Pictured above is a graduation ceremony of one of the four military academies of the United States. Here officers are trained for four years in everything from leadership to aerodynamics, structural engineering, telecommunications, and law.  They are among the greatest and most exclusive academic organizations in the United States and they supply the United States military with many of the world’s most advanced warfighting masters at only the beginning of their careers. To be accepted to one you must have shown exemplary talent, superior intelligence, and monumental initiative far superior to your peers among the “general” civilian population of pre-college aged youth.

Of course, the academies aren’t the only sources of education. Pictured above are students of the United States Army War College. In case you didn’t notice, I said that these men are students. The college provides graduate level instruction to senior military officers and civilians to prepare them for senior leadership assignments and responsibilities within the Department of Defense and other high value positions. Army applicants must have already completed the U.S. Army Command and General Staff College, the required Professional Military Education for officers in the rank of major. The College is one of the three senior such institutions including the Naval War College and the Air War College. A major focus of the school is placed on research and progressing military theory. Students are also instructed in leadership, strategy, and joint-service/international operations. When the students, Colonels and Lt. Colonels in the US military among others, complete the courses, the college grants its graduates a master’s degree in Strategic Studies.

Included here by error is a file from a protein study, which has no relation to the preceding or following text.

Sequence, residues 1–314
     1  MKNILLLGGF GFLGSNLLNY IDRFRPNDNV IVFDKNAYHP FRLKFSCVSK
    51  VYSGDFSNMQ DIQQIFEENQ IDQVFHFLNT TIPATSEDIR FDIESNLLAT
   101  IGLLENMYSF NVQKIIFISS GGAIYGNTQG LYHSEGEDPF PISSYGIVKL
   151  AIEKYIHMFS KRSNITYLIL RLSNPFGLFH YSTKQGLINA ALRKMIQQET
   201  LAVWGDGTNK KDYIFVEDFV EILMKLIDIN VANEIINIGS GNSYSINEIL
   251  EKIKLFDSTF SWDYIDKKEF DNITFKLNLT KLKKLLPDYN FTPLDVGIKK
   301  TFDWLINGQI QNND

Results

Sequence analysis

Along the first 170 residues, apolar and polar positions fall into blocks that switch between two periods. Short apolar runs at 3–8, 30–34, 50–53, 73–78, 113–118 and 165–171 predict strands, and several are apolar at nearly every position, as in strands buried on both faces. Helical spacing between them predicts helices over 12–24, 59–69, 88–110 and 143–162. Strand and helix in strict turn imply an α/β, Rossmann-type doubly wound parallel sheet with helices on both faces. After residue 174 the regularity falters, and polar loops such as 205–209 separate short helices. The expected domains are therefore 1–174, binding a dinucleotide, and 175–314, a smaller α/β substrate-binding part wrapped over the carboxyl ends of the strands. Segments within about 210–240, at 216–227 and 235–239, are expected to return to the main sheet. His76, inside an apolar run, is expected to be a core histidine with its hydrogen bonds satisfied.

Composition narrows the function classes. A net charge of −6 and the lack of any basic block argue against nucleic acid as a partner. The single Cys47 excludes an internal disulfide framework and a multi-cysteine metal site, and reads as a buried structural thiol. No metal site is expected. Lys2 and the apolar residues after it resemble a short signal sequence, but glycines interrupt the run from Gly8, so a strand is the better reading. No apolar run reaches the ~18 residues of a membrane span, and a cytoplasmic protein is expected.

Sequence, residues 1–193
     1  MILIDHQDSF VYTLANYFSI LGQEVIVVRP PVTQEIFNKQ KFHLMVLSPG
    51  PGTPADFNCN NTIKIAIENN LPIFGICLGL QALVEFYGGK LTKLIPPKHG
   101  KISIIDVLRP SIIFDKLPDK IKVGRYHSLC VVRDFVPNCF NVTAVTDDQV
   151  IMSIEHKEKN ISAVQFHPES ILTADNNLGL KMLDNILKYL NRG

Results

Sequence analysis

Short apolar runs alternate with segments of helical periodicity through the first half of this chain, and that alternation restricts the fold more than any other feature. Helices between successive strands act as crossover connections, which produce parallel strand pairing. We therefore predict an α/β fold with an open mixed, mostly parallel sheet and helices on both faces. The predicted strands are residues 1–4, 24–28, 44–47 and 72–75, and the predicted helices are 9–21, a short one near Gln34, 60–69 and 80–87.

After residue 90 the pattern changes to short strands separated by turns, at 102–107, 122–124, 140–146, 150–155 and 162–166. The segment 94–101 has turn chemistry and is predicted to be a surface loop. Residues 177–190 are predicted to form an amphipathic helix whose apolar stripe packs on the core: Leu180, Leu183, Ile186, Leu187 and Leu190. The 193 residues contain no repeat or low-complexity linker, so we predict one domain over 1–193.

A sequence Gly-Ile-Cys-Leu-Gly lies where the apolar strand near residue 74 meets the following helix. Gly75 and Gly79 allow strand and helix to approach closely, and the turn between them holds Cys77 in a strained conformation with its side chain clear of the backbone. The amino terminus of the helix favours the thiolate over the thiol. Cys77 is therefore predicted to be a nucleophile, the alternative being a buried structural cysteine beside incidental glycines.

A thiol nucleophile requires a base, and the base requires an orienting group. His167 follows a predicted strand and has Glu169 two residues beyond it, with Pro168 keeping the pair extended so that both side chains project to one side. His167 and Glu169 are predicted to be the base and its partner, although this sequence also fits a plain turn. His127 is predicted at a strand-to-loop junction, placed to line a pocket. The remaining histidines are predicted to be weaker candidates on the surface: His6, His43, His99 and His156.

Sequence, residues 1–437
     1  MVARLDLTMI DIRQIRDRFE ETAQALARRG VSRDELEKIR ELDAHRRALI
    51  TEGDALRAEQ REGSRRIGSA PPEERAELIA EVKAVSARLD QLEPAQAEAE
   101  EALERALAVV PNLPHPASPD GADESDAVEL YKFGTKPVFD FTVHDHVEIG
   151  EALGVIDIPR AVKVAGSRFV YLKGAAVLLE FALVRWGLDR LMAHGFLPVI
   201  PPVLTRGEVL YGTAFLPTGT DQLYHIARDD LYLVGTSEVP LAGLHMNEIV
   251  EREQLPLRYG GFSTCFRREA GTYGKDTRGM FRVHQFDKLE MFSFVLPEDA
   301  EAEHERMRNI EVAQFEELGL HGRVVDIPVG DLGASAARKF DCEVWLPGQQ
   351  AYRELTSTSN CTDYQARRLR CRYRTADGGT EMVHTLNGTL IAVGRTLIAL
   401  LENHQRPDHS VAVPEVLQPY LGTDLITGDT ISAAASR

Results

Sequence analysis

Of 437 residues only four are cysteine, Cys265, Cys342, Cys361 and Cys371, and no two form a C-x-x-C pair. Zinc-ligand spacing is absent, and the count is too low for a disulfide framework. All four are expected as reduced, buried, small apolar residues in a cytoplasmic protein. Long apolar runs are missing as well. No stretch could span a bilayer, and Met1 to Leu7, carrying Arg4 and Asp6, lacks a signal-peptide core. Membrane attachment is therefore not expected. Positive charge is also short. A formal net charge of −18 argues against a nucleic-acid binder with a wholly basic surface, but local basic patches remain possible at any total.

The last two examples, though, focused specifically on military officers. The elite leadership of the United States military. Beyond this, there is the enlisted side. Pictured above is a training taking place at one of the Marine Corps Recruit Depots where 18 year old young men are transformed into elite fighting riflemen. Education is not about the time one spends in a classroom. It isn’t even about the knowledge that one acquires. It is about the transformation a person endures. As a person who has both graduated Marine Corps boot camp and a person who graduated cum laude from a four year university, I can honestly say that the growth I experienced in three months of boot camp was far, far more valuable than the education I received in four years of college. Without going into specifics on boot camp (which I have) undervaluing the experience that military enlisted professionals is a grave mistake.